000 in the Limmat

Sina Jenny, Decolonize Zurich


EMCDDa (European Monitoring for Drugs and Drug Addiction): Wastewater analysis and drugs — a European multi-city study, March 2022. https://www.emcdda.europa.eu/publications/html/pods/waste-water-analysis_en

Lechmann, Simon: Wie kommt das Kokain nach Graubünden?, in: Radio Südostschweiz, https://www.simonlechmann.com/

Swissinfo: Zurich is Europe’s third biggest cocaine hotspot, in: Swissinfo, 13.12.2016. https://www.swissinfo.ch/eng/society/drug-capitals_zurich-is-europe-s-third-biggest-cocaine-hot-spot/42760246

Villalón, Carlos: Coca. La guerra perdida, Bogotá 2019.

During the Inca Empire the coca plant was used for spiritual and religious rituals and to this day it is considered sacred by indigenous communities in parts of South America. In the Andes people chew the leaves for the stimulating effect and the leaves of the low-growing shrub are also used for drinks and edibles. The plant contains a substance which has an energizing effect and heightens the senses. It is also from the coca plant from which the drug “cocaine” is extracted and consumed in Europe and other places around the world,

A recent study by EMDDA (European Monitoring for Drugs and Drug Addiction) published in 2022 compared wastewater analyses in some 80 European cities to investigate the drug use of Europeans. The results provide a valuable snapshot of drug flows and consumption in the participating cities and reveal significant geographical differences. Switzerland is represented by a total of four cities in the top 10: First and foremost is St. Gallen, which ranks second in Europe after Antwerp (Belgium) and ahead of Amsterdam (Netherlands), with cocaine use of 888 mg per 1000 persons per day. Zürich comes in fourth place with an average concentration of 790 mg of cocaine per 1000 persons per day and is followed by Geneva and Basel. To put this into perspective, a line of cocaine normally ranges about 25 – 50 mg.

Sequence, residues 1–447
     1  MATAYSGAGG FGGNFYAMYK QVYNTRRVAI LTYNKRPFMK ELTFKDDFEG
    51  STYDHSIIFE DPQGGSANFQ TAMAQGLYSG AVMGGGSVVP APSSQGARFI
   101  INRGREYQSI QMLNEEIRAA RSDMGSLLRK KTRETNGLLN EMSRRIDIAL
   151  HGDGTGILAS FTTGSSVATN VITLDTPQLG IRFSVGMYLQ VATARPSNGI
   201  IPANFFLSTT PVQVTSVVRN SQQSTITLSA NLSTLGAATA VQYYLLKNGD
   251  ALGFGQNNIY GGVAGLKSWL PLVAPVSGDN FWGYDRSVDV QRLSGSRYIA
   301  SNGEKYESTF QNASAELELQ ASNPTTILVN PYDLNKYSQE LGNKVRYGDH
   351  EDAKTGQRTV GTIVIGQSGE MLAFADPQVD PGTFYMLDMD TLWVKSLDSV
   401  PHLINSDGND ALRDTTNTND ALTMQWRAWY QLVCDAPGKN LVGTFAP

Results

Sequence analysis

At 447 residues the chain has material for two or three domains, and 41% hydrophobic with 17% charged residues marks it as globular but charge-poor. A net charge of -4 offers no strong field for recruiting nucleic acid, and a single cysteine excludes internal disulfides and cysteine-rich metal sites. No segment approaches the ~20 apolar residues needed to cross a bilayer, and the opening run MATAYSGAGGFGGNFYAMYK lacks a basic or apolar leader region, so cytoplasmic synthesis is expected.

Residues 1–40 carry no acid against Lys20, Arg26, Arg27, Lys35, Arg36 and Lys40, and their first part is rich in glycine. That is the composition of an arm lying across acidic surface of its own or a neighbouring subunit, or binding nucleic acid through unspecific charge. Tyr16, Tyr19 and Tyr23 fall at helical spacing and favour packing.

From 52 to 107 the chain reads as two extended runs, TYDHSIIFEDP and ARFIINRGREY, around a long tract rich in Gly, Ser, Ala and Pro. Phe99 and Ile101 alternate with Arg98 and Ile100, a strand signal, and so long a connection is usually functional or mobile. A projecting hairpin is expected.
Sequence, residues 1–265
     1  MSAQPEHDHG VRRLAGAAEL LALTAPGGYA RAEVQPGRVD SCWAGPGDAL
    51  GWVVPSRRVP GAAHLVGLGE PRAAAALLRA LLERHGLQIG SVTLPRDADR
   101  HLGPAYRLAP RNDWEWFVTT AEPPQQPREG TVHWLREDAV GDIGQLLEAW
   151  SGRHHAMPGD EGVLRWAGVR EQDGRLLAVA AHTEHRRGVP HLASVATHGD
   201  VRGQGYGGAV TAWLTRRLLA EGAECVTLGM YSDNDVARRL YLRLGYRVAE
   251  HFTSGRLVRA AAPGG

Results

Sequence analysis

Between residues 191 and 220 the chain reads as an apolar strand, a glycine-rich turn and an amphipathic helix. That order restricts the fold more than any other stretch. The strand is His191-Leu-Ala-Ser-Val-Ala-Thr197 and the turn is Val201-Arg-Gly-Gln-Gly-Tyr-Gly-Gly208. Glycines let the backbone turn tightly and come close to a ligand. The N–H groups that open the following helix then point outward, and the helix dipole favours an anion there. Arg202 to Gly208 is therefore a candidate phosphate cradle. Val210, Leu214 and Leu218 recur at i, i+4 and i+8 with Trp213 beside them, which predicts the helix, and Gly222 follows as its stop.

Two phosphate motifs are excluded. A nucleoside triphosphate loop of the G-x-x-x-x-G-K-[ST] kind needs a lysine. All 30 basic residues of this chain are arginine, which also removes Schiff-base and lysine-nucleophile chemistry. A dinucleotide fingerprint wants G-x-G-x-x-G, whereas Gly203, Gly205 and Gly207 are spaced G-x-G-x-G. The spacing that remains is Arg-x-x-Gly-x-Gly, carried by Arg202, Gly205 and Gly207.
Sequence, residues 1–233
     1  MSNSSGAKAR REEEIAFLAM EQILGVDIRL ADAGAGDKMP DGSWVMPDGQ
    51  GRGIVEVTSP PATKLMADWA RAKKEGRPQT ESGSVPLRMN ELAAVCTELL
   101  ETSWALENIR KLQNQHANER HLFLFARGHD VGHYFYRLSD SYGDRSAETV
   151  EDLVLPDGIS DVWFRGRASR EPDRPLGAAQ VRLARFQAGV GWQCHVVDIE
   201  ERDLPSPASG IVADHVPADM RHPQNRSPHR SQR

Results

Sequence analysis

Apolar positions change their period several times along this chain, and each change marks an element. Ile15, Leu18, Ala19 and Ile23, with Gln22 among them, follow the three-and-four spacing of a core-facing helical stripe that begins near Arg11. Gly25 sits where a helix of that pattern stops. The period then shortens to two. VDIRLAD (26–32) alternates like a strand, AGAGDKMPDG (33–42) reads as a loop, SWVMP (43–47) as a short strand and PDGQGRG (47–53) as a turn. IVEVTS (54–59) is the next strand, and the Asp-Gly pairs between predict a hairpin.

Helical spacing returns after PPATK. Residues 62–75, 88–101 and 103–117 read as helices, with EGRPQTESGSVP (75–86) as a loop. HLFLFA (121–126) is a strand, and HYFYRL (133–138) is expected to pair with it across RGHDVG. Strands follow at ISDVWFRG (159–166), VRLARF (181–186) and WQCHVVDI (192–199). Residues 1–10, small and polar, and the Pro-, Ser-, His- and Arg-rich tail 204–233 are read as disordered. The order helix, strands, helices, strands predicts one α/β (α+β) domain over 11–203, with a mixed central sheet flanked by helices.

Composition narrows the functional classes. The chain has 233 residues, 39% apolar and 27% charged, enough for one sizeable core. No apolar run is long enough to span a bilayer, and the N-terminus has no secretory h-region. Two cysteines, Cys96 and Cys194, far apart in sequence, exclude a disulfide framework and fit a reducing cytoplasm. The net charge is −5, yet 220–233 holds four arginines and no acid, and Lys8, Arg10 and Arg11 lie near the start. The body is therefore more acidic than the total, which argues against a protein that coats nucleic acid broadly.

A thorough investigation by the journalist Simon Lechmann shows that the Swiss are not only avid consumers of cocaine but also drug traffic has expanded more and more into Swiss territory. The cantons of Graubünden and Ticino, in particular, are becoming active hot spots in the cocaine trade of Kalabrian mafia ‘Ndrangheta. The drug is shipped from South America to harbors in South Italy and then further transported and stored in facilities close to the Swiss border. Individual messengers then bring small amounts of cocaine across the Swiss border mainly using the alpine passage San Bernardino. The city of Thusis is a hotspot of the cocaine trade, as was confirmed by the Swiss Federal Police (fedpol). Another analysis of cocaine use and trafficking is Roberto Saviano’s book ZeroZeroZero, which shows the devastating effects of cocaine on societies and political structures around the world. A particularly hard-hit continent is South America, where cocaine is the cause of bloody and long-lasting conflicts in many territories. The demand for and consumption of cocaine, for example, is partly responsible for the long-lasting conflict in Colombia, where the plant is cultivated in rural regions and processed into cocaine in the cities. It is a reality marked by displacement, violence and killings, financed and maintained with the money of the drug trade.

The drugs we consume here for fun and their enhancing effects on productivity have direct and dire consequences for the Global South, as it perpetuates an economic dependence and exploitation of resources. Thus, it can be understood as a neocolonial act in which we disregard the effects our actions have on other states, communities and individuals.

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